Brancovenesc – diving into Romanian architecture

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The following article was syndicated from Citinerary for Interesting Times Bureau. Published by Alin.

The Brancovenesc style, also known as Wallachian Renaissance or Romanian Renaissance, is an art dating back to the late 17th and early 18th centuries.

Its name comes from Constantin Brancoveanu (1654 – 1714), who served as a Prince of Wallachia (a historical and geographical region, in the south of now-a-days Romania) since 1688 up until his death. The most important form of the Brancovenesc art is its architectural style.

It is a unique mix of the dominant architectural currents of the time, synthesising Byzantine, Ottoman, late Renaissance and Baroque styles, together with traditional Romanian architecture. It may sound like a bizarre mixture, but it works very well.

In a few words, east meets west in the center, creating something worthy of world-wide appreciation. And indeed it is appreciated, being considered by architects all over the world as one of the most interesting and inspiring European architectural styles.

In order to better understand why this form of art is so important to Romanians, we should say a few words about Constantin Brancoveanu.
As noted before, he was a Prince of what would later become the southern part of modern Romania. During his lengthy rule, his realm had one of the most prosperous and peaceful periods in history, making it for a great frame for culture and arts to flourish.

Having been raised in a highly educated and thriving family, he managed to conduct very friendly and diplomatic external politics, even though Wallachia was sandwiched between great rivals like the Hungarian Kingdom and the Ottoman Empire. But the situation changed in 1714, when he, together with his 4 sons, were captured by the ottomans and taken to Constantinople, where he was given two choices: give up his religion, Christian Orthodoxy, and convert to Islam and live to rule his realm under ottoman directives, or be executed together with his family. He chose the second option, as he could not betray his people and would rather die than renounce his religion and faith. For this, he became one of Romania’s greatest heroes and, in 1992, the Church declared him and his sons saints and martyrs.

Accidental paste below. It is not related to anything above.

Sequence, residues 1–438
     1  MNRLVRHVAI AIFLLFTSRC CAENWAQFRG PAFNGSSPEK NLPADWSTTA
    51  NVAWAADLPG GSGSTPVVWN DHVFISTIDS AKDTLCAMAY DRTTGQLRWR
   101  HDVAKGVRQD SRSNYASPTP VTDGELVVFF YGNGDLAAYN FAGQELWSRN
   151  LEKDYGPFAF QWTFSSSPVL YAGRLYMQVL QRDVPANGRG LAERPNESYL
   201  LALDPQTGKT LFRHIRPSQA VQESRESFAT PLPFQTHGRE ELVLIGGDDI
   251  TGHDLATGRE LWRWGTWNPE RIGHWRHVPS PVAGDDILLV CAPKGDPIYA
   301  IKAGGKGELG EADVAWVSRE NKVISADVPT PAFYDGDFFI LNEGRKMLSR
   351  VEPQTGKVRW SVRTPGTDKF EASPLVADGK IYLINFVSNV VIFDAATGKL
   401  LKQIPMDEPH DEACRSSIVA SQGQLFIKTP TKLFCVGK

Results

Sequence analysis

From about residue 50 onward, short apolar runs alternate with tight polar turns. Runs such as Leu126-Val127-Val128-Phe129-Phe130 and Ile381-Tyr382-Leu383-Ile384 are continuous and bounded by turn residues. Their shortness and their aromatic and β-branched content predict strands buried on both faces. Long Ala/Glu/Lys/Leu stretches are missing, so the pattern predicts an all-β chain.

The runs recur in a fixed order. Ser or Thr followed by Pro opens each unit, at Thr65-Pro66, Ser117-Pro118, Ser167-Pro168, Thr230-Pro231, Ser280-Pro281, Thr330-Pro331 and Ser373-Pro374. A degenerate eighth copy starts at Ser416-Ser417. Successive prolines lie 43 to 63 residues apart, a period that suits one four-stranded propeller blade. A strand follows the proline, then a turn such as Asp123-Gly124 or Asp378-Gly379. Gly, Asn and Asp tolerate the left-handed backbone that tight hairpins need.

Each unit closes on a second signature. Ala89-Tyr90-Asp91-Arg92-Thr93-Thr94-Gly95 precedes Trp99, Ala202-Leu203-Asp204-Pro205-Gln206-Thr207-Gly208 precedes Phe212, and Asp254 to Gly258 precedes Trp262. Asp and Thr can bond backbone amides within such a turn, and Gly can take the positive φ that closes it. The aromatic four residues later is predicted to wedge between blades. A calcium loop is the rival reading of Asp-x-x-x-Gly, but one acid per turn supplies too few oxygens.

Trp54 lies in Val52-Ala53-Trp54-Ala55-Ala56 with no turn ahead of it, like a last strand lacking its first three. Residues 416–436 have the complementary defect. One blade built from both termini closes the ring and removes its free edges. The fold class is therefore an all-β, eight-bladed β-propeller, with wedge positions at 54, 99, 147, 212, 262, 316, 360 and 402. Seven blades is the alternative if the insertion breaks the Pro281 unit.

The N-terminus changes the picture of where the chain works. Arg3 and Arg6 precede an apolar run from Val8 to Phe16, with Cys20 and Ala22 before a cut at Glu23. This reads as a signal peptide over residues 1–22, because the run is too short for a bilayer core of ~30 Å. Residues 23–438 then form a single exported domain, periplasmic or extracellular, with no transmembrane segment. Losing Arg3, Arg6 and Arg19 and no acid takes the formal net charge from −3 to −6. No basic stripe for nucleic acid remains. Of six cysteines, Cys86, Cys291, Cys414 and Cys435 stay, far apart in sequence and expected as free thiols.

It is no wonder then that the Brancovenesc architectural style left its biggest mark on religious edifices. There are lots of churches and monasteries that were built in this way, some of them carrying a unique paradox: combining Romanian Orthodox Christian edifice styles with the Islamic architecture of the Ottoman Empire.

It is this kind of interesting architecture that won Horezu Monastery a well-deserved place in the UNESCO list of World Heritage Sites. Situated in Horezu town, a couple of hours drive-away from Bucharest, the monastery is considered to be the most beautiful example of its kind.

But if you cannot make it to Horezu, don’t worry. Bucharest has its great share of churches and monasteries built in this style, amongst the more important ones being Stavropoleos Monastery, Kretzulescu Church or Casin Church. But the style was not confined to religious buildings.

Many palaces and high-society mansions were built this way, many of them still standing tall and proud on the beautiful streets of the old town of Bucharest. Probably the best known representative of this style is Mogosoaia Palace, just 10 kilometers north of Bucharest. It is considered an architectural master-piece and is a strong candidate to also join the list of World Heritage Sites.

Winding down the streets of Bucharest, you are never too far away from a building built in the Brancovenesc style. Located in beautiful green neighbourhoods of the old town, these examples of fine architecture hold various functions, from privately-owned houses, to public institutions, museums, company offices and even medical clinics.

They harmonically blend with the surrounding nature, due to their beautiful curves and shapes, and sometimes create interesting contracts with neighbouring buildings of different styles.

The style inspired many Romanian architects of the late 19th century and early 20th century. Thus, the Neo-Brancovenesc or Neo-Romanian architectural style emerged, maintaining the guide-lines of the original style, only adapting the building’s facilities to the newer times.

Visiting the places touched by the Brancovenesc art can be a touristic destination in its own, even if you are not an architectural enthusiast. You would definitely love it and have fun with the locals while getting to these places.

(Photos by Ioana)

Alin –

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